## Comparison

Several built-in, infix operators allow testing for equality and inequality. For numbers, `<`

, `>`

, `<=`

, `>=`

, `==`

, and `!=`

are used. For strings, `eq`

, `neq`

, and `like`

are used.

The following are all valid predicate expressions:

As can be seen from the preceding examples, a number of built-in libraries provide predicates that can be used inside predicate expressions. The documentation for those libraries gives details about their operation.

Two special comparison operators are useful with the sort() operator: `<=>`

and `cmp`

. These operators return -1 if the first operand is less than the second, 0, if they're equal, and 1 if the first operand is greater than the second.The `<=>`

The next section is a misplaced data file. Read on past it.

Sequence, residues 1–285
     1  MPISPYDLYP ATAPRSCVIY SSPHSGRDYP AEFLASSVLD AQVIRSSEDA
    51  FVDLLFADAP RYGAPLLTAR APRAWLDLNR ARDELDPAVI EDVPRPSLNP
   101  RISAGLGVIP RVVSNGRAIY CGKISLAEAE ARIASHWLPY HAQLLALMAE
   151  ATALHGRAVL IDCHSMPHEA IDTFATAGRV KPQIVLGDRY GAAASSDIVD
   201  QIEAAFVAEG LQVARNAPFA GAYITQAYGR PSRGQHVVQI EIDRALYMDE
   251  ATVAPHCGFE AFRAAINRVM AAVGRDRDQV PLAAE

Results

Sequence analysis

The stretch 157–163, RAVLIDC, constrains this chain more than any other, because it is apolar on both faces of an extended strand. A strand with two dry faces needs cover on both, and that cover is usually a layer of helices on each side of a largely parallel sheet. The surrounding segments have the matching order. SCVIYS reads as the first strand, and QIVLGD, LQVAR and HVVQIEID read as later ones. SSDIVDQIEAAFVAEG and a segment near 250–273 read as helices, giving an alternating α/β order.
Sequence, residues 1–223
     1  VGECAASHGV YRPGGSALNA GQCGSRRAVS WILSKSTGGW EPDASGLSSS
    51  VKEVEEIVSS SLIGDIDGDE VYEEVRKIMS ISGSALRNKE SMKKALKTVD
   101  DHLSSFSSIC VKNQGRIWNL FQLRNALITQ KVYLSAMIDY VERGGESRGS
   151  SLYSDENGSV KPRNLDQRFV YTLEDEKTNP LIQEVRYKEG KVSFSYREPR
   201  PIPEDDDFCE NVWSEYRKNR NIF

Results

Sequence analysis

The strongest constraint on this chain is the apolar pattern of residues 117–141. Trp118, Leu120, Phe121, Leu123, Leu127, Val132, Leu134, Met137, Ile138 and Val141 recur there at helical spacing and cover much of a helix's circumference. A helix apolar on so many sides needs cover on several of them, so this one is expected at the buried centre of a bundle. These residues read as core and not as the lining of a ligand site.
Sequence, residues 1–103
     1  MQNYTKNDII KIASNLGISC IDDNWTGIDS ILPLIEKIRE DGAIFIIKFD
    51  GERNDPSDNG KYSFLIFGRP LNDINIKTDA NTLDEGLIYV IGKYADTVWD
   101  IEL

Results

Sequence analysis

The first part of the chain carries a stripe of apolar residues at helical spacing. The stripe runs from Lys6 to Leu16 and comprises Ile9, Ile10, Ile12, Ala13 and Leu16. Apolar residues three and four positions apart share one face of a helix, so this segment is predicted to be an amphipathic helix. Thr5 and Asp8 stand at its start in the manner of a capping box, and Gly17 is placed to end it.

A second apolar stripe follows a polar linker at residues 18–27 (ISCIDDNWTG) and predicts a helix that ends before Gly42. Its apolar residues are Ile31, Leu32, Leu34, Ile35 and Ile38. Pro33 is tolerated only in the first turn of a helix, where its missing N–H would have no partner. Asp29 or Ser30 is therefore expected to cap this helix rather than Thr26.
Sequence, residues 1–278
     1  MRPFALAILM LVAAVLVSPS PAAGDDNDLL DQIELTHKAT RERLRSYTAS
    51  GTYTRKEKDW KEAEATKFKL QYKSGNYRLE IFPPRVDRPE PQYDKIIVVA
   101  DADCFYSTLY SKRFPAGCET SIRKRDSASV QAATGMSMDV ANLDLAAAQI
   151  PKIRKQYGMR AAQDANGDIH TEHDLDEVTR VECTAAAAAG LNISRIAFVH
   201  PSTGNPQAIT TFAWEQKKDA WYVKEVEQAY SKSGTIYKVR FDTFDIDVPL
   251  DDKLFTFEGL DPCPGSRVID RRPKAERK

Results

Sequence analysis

operator is used with numbers and `cmp`

is used with strings.

## Like

`Like`

takes a regular expression as its second argument and returns true if it matches the string given as its first argument. Arguments to these operators can be any valid expression.

Note that when the |

## Membership

There is an infix operator for testing membership, `><`

. The >< operator tests the number or string in the right operand for membership in the map or array given by the left operand. For maps, membership extends to keys only.

## Compound Predicates

Compound predicate expressions are created using the operators `&&`

, `||`

, and `not`

to express conjunction, disjunction, and negation, respectively. Conjunction has precedence over disjunction. Parentheses are used to group expressions for precedence.